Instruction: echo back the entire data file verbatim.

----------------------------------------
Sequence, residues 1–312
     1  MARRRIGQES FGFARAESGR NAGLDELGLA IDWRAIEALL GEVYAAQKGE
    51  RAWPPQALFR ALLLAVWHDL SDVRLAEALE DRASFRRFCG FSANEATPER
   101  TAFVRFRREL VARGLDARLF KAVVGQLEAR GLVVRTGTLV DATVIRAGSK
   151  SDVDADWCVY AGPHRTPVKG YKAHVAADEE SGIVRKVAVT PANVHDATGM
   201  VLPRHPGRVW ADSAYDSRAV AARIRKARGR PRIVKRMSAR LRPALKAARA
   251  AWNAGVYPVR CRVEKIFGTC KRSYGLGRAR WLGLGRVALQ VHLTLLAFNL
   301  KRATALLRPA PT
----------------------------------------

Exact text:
Sequence, residues 1–312
     1  MARRRIGQES FGFARAESGR NAGLDELGLA IDWRAIEALL GEVYAAQKGE
    51  RAWPPQALFR ALLLAVWHDL SDVRLAEALE DRASFRRFCG FSANEATPER
   101  TAFVRFRREL VARGLDARLF KAVVGQLEAR GLVVRTGTLV DATVIRAGSK
   151  SDVDADWCVY AGPHRTPVKG YKAHVAADEE SGIVRKVAVT PANVHDATGM
   201  VLPRHPGRVW ADSAYDSRAV AARIRKARGR PRIVKRMSAR LRPALKAARA
   251  AWNAGVYPVR CRVEKIFGTC KRSYGLGRAR WLGLGRVALQ VHLTLLAFNL
   301  KRATALLRPA PT